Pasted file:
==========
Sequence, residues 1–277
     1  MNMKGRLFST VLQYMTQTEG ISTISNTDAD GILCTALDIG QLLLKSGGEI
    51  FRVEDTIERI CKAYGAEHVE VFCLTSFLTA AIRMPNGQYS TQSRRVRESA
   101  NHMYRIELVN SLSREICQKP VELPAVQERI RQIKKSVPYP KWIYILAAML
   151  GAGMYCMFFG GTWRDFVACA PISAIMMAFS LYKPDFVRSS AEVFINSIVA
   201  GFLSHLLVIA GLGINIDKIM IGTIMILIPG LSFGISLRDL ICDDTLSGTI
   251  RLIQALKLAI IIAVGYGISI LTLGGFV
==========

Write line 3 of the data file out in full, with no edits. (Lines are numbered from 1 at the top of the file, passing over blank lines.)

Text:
    51  FRVEDTIERI CKAYGAEHVE VFCLTSFLTA AIRMPNGQYS TQSRRVRESA